Transcript: Ahmadinejad Interview, Part 1

Read Part One Of Scott Pelley's Interview With Iran's Leader

On Sept. 20, 2007, 60 Minutes correspondent Scott Pelley interviewed Iranian president Mahmoud Ahmadinejad in Tehran, Iran. In the interview, transcribed below, President Ahmadinejad spoke through his own translator. Read part 2 of the transcript.



SCOTT PELLEY: Do you have a greeting to the American people?

MAHMOUD AHMADINEJAD: In the name of God, the compassionate, the merciful, I would like to greet the American people and the good nations around the world. Right now we are in the city of Tehran. It's in the afternoon of an autumn day. We're in the open air in a garden. And the air is pleasant. And fall, little by little, is settling in, mixing with the summer breeze, I guess. And I think that right now, you have different time zones obviously and different climates. We have early morning in the U.S. and other time zones perhaps approaching the noon. So once again, greetings to you. I very much hope that nations around the world start their days with peace, friendship, and happiness.

PELLEY: Mr. President, do you intend to press your request to visit the World Trade Center site in New York?

AHMADINEJAD: Well, it was included in my program, if we have the time and the conditions are conducive, I will try to do that.

PELLEY: But the New York Police Department and others do not appear to want you there. Do you intend to go there anyway?

AHMADINEJAD: Well, over there, local officials need to make the necessary coordinations. If they can't do that, I won't insist.

PELLEY: Sir, what were you thinking? The World Trade Center site is the most sensitive place in the American heart, and you must have known that visiting there would be insulting to many, many Americans.

AHMADINEJAD: Why should it be insulting?

PELLEY: Well, sir, you're the head of government of an Islamist state that the United States government says is a major exporter of terrorism around the world.

AHMADINEJAD: Well, I wouldn't say that what the American government says is the prerequisite here. Something happened there which led to other events. Many innocent people were killed there. Some of those people were American citizens obviously. We obviously are very much against any terrorist action and any killing. And also we are very much against any plots to sow the seeds of discord among nations. Usually you go to these sites to pay your respects. And also to perhaps air your views about the root causes of such incidents. I think that when I do that, I will be paying, as I said earlier, my respect to the American nation.

PELLEY: But the American people, sir, believe that your country is a terrorist nation, exporting terrorism in the world. You must have known that visiting the World Trade Center site would infuriate many Americans, as if to be mocking the American people.

AHMADINEJAD: Well, I'm amazed. How can you speak for the whole of the American nation?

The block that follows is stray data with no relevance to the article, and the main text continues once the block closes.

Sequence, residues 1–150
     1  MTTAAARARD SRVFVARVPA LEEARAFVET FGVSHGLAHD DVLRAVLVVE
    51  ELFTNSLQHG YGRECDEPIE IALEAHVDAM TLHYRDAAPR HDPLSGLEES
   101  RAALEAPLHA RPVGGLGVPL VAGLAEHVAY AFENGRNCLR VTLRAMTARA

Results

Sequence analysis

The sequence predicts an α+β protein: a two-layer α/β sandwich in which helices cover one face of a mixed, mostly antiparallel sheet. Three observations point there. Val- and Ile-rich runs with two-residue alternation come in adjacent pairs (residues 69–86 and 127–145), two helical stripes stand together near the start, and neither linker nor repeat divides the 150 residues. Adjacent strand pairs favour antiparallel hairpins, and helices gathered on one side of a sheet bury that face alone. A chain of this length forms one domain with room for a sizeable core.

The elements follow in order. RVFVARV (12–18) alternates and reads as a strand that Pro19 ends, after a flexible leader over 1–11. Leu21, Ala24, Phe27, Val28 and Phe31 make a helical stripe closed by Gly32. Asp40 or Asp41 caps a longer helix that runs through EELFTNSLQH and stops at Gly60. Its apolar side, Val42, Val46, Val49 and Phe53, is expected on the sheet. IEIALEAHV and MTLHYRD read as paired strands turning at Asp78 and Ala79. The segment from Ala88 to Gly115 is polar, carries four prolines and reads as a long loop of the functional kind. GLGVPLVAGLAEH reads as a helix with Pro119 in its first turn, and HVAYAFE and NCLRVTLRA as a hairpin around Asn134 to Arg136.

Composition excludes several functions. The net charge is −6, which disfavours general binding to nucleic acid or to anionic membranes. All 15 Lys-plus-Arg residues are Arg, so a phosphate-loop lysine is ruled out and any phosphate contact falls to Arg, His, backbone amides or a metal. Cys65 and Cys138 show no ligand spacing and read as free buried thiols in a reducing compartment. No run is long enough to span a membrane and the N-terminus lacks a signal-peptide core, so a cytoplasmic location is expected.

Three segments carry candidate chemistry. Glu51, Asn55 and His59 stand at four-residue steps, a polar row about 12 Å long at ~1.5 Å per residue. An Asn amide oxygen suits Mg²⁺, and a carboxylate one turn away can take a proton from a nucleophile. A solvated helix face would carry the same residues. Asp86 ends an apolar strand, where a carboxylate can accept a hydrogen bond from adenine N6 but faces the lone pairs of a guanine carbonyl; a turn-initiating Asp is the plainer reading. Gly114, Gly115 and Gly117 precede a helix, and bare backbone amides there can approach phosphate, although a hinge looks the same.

PELLEY: Well, the American nation . . .

AHMADINEJAD: . . . you are representing a media and you're a reporter. The American nation is made up of 300 million people. There are different points of view over there. I would like to think that the points of view of the American people is very close to the points of view of the Iranian people. The American people are very much against and opposed what certain American officials are saying and their points of view. And they're also, the way that the people have voted in the American elections is very telling. And we are criticizing such behavior on the part of the American government. We believe that if anyone just allows himself to accuse others, there will be no possibility for peace and friendship.

PELLEY: What do you mean the American election is telling? What did you take from it?

AHMADINEJAD: What I'm saying is that the American people very clearly have shown that they do not endorse what certain American officials are saying and doing. I remind you of the rallies in Washington a couple of days ago. What were they saying and shouting? Perhaps 70, 80 percent of the American people are against their troops, their sons and daughters being in Iraq and war. And as I said, they're very much against war. And for that matter, the American people are peace-loving people. You shouldn't think that what the American officials are doing and their behavior reflects completely the mood of the American people. And American officials must not make the American people a victim of their wants and wishes. And we make a distinction between the American people and American officials. And the American people are opposed to occupation, the use of force, and also terrorism, the killing of the people of other nations. And this is what we are saying. This is what we believe in. With that in mind, we feel very close to the American people. And I'm sure that this is reciprocal. A couple of days ago, an American scientist, a scholar, wrote to me saying that he has a great love for Iran. And once he passes, he wants to be buried in this country. The two nations are very close to one another.

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